My role as a strategist requires me to immerse myself in a brand, understand the market it plays in and then develop a strategy that assists the brand to increase its bottom line. In order to devise a strategy that works, certain factors have to be taken into account. These include your consumers, features, advantages, benefits and direct competition from alternate brands. By keeping these factors in mind, I need to assist the brand to increase its bottom line. However, a strange thing happens between the completion of the strategy and the beginning of the communication campaign to the consumers. The strategy is intercepted by “creative’s” whose job too often entails turning the attention as far from the core message as possible while attempting to “be creative” with the concept.
Now let me state for the record, I am certainly not blind to the benefits which a superb creative hook can have on a campaign (think Nando’s: Malema, Joost and Amor). Putting the success of these aside, when one looks at the plethora of positively mediocre creative’s which is the vast majority of all advertising, one wonders whether it isn’t safer to play the odds and just deliver the message in simple plain English that makes it easy to understand. Yes, an advert is meant to interrupt, but why can’t it interrupt with the quality of the offering or the extent of the differential advantage, rather than attempting to interrupt with a mediocre creative.
The simple truth is that the proportion of brands who benefit from outstanding creative execution pale in comparison with those who lose money because their ad agency won’t let them communicate their point of difference in simple plain English that the market can understand. While driving home recently one evening and listening to the radio, I heard two popular adverts that get replayed on radio a lot but if you ask me what they were about, I honestly can’t remember. It boggles my mind as to why a large company would allow an agency to devote 28 seconds to a creative concept with a two second flash of a logo at the end of the production - the only evidence of who paid for the advert. Unfortunately this seems to be happening with ever growing popularity.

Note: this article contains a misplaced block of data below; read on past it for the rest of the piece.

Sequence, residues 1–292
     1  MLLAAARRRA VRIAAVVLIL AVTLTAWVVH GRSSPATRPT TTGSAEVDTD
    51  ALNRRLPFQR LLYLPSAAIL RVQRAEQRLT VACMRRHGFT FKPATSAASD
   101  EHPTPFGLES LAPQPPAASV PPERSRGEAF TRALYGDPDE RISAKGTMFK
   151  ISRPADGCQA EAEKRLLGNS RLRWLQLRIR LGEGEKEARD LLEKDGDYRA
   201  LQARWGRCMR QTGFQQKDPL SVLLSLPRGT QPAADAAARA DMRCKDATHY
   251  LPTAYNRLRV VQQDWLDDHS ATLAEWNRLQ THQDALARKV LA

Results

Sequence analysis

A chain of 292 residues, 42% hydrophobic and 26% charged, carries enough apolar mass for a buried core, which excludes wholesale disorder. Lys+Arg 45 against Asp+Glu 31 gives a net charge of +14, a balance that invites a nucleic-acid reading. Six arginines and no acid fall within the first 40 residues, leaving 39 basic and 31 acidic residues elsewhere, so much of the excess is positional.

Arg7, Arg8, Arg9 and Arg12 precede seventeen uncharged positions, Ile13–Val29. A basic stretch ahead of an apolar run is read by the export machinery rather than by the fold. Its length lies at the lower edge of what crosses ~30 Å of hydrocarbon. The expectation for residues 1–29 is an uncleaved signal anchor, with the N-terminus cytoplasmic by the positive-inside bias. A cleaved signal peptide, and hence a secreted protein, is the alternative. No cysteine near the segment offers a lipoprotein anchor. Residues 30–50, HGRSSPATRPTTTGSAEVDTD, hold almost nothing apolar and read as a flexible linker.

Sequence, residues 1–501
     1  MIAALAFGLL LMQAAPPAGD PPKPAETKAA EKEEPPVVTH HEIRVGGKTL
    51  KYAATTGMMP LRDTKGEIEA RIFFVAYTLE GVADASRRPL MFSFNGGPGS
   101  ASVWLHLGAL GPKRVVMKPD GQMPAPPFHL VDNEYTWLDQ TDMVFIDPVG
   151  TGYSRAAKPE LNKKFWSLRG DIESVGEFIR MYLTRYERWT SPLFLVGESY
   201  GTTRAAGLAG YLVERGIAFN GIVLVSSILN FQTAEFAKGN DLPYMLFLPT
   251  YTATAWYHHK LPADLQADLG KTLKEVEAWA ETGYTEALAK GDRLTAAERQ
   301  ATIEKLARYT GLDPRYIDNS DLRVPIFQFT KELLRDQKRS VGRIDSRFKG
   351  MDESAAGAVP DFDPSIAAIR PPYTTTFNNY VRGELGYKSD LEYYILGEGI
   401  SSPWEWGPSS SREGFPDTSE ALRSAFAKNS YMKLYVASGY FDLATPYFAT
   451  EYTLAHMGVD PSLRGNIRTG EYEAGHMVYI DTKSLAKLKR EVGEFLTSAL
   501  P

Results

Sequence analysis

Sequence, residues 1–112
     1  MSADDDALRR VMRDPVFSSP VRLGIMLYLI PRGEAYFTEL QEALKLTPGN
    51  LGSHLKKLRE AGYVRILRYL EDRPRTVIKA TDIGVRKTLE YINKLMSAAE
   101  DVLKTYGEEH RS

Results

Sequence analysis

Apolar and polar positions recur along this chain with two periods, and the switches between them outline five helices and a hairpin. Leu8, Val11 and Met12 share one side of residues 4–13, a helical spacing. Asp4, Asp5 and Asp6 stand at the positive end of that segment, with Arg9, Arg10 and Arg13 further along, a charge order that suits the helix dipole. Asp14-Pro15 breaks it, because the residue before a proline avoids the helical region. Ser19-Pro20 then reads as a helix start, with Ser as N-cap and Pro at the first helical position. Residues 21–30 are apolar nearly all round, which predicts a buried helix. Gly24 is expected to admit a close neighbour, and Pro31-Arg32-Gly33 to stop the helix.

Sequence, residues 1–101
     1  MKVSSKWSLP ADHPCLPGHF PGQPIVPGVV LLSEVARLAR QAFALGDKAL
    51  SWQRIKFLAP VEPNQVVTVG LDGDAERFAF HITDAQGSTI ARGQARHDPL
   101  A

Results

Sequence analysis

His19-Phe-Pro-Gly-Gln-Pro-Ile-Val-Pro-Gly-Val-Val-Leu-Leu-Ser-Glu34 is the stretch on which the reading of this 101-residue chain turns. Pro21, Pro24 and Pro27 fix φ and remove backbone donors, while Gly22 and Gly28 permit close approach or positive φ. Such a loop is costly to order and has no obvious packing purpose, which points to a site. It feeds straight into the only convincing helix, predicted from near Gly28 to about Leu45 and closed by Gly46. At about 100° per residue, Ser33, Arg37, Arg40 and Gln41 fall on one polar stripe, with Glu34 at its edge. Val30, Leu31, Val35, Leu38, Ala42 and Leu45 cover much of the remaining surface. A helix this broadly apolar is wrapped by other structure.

The fact is that the entire industry is incentivised not on the extent to which they are able to grow their clients’ bottom lines but on how creative they can be and by extension how many “Loerie Awards” they can win. This is further evidence of the input focus from the marketing and advertising industry. I mean how often does an agency ask to be compensated, not by time spent, but as a percentage of the bottom line value they assist in adding?
This particular advert portrays some idiot talking in a fake coloured accent (which has to be offensive to a large proportion of the target market) about vehicle abuse being worse than physical or drug abuse in an attempt to sell a car tracking system. I truly can’t remember which one despite having heard the advert numerous times.
So I was not shocked when I was quoted R25,000 to have my logo done, and upon querying it, told that it is the basis of the success of my business, the fundamental element of my entire business offering. This is completely unjustifiable and unfortunately the myth that creativity is the key to bottom line success still exists. If you ask an average person whether they have ever bought a product because of the logo (or vice versa not done so), the answer will be absolutely not. People buy products for a number of reasons and consumer behavior is a well researched field. From packaging to taste to its functional benefits to the emotional brand intrinsic - but logo’s,not so much.
My personal favourite came at a proposal presentation I attended last week from a well known agency who spent 15 minutes preparing us for the campaign they were about to present and another 10 minutes after flighting the campaign debriefing us on the how’s and why’s. I was left intrigued as to how, if they felt the campaign needed a 25 minute explanation to the audience, they expected the target market to grasp the concept in only 30 seconds.
So….before you start taking off your crocs and throwing them at me, let me clarify that I truly believe there is a place in the promotional mix for a good advertising agency - a big place. What is the key you may ask? The agency would have to deliver work that ensures that the bottom line of the business was increased by assisting to differentiate the client’s brand from their competitor’s and not merely fill their own trophy cabinet with Loeries.
What would happen if one brave brand rejected the creative advice and simply decided to communicate their point of difference to their market in the simplest of English whenever possible? The answer is that 10 years later that same market would still remember that Morkel’s is your two year guarantee store!